11. ^ "Xavier College Science & Performing Arts Centre" (PDF). Catholic Development Fund. p. 1. Archived from the original (PDF) on 10 March 2011. Retrieved 27 December 2010.
  12. ^ "Overview". About Xavier. Xavier College. Archived from the original on 19 July 2008. Retrieved 2 March 2008.
  13. ^ Xavier principal announces his retirement, 6 February 2008, Province Express
  14. ^ "Xavier College welcomes new principal". 3 September 2008. Retrieved 27 December 2010.
  15. ^ "{{{2}}}, Victorian Heritage Register (VHR) Number H0893, Heritage Overlay HO4". Victorian Heritage Database. Heritage Victoria.
  16. ^ "Studley House, Victorian Heritage Register (VHR) Number H0789, Heritage Overlay HO101". Victorian Heritage Database. Heritage Victoria.
  17. ^ "Archived copy" (PDF). Archived from the original (PDF) on 4 February 2015. Retrieved 21 October 2012.CS1 maint: archived copy as title (link)
  18. ^ "Billilla Mansion". 30 January 2007. Retrieved 22 December 2010.
  19. ^ Billilla Gardens Archived 20 December 2010 at the Wayback Machine, Brighton, Bayside City Council
  20. ^ "Xavier College - Outdoor Education Centre at Buxton". Archived from the original on 22 July 2010. Retrieved 27 December 2010.
  21. ^ Sharpe, Graham [ed.]. The Xaverian 2009, 2009. Retrieved 29 December 2010.
  22. ^ a b Wallbridge, Fr Philip SJ [ed.]. The Xaverian 1981, 1981, pp. 86-91. Retrieved 27 December 2010.
  23. ^ "Xavier College - VCE Results". Archived from the original on 1 November 2011. Retrieved 7 November 2011.
  24. ^ "Trend of Xavier College by VCE results". bettereducation.com.au. Retrieved 21 March 2021.
  25. ^ "Friday Night School moves to Richmond". 17 February 2010. Retrieved 26 December 2010.
  26. ^ "Xavier College". Retrieved 27 December 2010.
  27. ^ "Co-curricular Program: Sport". Xavier College. Archived from the original on 13 September 2009. Retrieved 26 December 2010.
  28. ^ a b c "Boys' APS Premierships" (PDF). The Associated Public Schools. p. 2. Archived from the original (PDF) on 28 March 2011. Retrieved 26 December 2010.
  29. ^ a b "Karl Schneider". Retrieved 26 December 2010.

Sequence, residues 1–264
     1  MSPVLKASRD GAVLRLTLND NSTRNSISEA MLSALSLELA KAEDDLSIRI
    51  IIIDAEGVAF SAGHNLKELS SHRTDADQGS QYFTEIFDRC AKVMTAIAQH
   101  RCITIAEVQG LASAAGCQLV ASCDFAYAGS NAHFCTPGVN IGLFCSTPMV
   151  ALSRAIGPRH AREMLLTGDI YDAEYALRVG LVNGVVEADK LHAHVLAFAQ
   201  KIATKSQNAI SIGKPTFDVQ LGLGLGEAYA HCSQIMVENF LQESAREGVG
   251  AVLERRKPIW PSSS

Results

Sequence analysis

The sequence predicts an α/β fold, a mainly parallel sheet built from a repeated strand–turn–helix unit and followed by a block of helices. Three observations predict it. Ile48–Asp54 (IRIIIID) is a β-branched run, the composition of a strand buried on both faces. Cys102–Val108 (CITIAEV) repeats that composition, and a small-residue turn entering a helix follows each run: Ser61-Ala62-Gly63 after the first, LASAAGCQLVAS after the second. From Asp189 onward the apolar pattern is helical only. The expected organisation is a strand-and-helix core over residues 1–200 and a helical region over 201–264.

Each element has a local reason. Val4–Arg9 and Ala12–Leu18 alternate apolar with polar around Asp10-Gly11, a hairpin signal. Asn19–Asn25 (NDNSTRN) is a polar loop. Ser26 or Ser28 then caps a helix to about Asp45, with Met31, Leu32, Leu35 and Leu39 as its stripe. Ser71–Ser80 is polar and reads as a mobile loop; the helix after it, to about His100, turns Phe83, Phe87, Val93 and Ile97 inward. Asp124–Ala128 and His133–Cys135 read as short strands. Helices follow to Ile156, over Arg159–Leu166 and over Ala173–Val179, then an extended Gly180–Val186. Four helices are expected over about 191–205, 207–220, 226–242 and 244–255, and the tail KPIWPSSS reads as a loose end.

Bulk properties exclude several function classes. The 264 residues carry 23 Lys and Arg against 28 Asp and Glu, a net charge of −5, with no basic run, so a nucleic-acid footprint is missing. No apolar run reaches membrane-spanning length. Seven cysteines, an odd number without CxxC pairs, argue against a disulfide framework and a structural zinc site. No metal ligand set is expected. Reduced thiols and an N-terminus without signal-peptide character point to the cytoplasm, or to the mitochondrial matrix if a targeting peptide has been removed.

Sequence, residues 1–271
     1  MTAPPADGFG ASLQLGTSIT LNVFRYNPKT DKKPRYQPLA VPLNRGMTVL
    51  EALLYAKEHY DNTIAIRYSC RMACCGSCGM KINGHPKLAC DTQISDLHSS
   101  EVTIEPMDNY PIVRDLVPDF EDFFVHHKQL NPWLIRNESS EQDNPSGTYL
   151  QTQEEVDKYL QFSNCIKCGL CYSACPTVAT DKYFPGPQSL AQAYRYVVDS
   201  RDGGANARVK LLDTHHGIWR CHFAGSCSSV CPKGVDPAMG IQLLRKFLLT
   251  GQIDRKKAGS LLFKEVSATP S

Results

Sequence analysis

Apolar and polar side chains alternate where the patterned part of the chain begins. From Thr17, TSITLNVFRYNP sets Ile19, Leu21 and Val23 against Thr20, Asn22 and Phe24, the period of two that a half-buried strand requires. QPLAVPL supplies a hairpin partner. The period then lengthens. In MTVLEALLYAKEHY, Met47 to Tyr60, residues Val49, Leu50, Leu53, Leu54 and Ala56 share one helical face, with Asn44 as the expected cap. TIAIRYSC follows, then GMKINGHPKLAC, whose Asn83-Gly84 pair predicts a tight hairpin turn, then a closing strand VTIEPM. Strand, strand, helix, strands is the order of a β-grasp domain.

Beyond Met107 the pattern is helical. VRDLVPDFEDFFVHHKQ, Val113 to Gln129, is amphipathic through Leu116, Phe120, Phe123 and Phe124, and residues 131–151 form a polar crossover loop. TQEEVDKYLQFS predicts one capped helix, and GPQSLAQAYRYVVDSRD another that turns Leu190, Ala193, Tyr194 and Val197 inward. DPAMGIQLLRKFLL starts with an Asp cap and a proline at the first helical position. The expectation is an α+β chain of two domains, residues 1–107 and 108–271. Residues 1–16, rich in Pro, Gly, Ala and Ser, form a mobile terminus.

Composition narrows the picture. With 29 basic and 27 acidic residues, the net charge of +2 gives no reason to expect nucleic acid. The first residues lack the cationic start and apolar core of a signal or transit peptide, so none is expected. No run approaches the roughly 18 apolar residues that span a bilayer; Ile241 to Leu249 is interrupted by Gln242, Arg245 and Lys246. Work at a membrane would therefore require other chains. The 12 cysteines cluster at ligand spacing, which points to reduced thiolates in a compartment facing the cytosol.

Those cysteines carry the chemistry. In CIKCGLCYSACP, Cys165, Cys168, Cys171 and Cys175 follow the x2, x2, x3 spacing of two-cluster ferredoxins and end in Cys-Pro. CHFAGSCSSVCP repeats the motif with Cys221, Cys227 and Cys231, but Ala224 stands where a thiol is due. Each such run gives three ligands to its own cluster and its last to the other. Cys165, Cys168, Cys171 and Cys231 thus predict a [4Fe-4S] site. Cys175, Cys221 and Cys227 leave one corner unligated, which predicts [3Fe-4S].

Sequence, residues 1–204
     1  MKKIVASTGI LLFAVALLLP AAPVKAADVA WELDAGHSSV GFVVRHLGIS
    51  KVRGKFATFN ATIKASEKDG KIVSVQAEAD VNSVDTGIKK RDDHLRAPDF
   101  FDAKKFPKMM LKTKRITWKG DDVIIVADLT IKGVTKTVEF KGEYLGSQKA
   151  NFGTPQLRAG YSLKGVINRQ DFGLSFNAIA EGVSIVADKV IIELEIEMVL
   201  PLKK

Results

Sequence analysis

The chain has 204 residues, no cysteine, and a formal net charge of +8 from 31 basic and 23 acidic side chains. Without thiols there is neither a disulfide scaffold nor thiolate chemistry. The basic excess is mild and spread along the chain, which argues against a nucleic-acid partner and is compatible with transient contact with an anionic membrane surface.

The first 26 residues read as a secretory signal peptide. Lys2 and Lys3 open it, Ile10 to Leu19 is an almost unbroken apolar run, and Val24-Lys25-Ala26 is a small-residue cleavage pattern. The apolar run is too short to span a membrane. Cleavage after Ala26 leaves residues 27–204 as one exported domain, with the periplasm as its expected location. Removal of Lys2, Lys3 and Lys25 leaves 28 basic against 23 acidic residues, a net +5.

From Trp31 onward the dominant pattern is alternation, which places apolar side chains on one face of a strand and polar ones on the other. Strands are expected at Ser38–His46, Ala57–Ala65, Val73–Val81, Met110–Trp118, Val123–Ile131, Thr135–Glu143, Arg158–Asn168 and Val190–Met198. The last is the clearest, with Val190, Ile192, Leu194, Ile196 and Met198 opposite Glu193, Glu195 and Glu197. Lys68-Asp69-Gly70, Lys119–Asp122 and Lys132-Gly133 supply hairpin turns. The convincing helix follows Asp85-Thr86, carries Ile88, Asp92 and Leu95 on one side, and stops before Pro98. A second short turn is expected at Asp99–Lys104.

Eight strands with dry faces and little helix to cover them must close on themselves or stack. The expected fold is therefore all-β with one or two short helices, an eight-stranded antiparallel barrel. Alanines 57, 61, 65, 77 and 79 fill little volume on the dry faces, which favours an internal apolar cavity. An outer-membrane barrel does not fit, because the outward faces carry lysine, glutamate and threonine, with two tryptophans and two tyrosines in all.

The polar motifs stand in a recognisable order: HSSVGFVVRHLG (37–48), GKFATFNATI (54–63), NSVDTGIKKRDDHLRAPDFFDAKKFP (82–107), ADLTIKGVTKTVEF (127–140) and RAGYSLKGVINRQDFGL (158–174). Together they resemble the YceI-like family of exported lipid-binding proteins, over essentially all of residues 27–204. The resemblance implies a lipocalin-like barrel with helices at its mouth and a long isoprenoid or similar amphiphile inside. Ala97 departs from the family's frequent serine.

30. ^ Wallbridge, Fr Philip SJ [ed.]. The Xaverian 1975, 1975, pp. 105-6. Retrieved 14 March 2011.
  31. ^ "VAFA Premierships" (PDF). Victorian Amateur Football Association. p. 3. Archived from the original (PDF) on 16 February 2011. Retrieved 26 December 2010.
  32. ^ "Boys' Premierships – APS Sport". Retrieved 2 August 2020.
  33. ^ "Co-curricular Program: Productions". Xavier College. Archived from the original on 13 September 2009. Retrieved 26 December 2010.
  34. ^ a b "The Maytime Fair". Events. The Jesuit Mission. 2007. Retrieved 3 March 2008.
  35. ^ "Jesuit Mission says thanks". Province Express. 2010. Retrieved 31 October 2010.
  36. ^ "Old Xaverians' Association". Alumni. Xavier College. 2007. Archived from the original on 9 December 2007. Retrieved 3 March 2008.
  37. ^ Alison Caldwell (26 March 2013). "Xavier College abuse victim pushes for $6b lawsuit". ABC News (www.abc.net.au/news).

Further reading[edit]

  • Schrader, H. J. T. (1926). School songs of Xavier. Xavier College.
  • Dening, Greg (1978). Xavier: a centenary portrait. Old Xaverians' Association. ISBN 0-9595926-0-1.
  • Brennan, Peter (1981). Report on the Australian Jesuit schools. Jesuit Publications Australia.
  • Hawkins, Thomas (1999). Sursum corda, "Lift up your hearts": a history of Xavier College, 1914-1928. Monash University.
  • Penrose, Helen (1999). Lifeline to India: a history of the Maytime Fair. Eldon Hogan Trust. ISBN 0-9577067-0-7.
  • Penrose, Helen (1999). Red, black and khaki: cadets at Xavier College. Eldon Hogan Trust. ISBN 0-9577067-2-3.
  • Pertzel, Barbara (1999). The Sincere gift of himself: a biography of Eldon Hogan. Eldon Hogan Trust. ISBN 0-9577067-4-X.
  • Walters, Fiona (1999). A better, gentler school: music at Xavier College. Eldon Hogan Trust. ISBN 0-9577067-3-1.
  • Waterhouse, Catherine (2001). Xaverians on active service: from South Africa to Vietnam. Eldon Hogan Trust. ISBN 0-9577067-5-8.
  • Henderson, Paul (2005). Xavier behaviour. Eldon Hogan Trust. ISBN 0-646-44662-2.
  • Murphy, Frank (2006). The vision splendid: a history of the Xavier Memorial Chapel. Eldon Hogan Trust. ISBN 0-9577067-7-4.

External links[edit]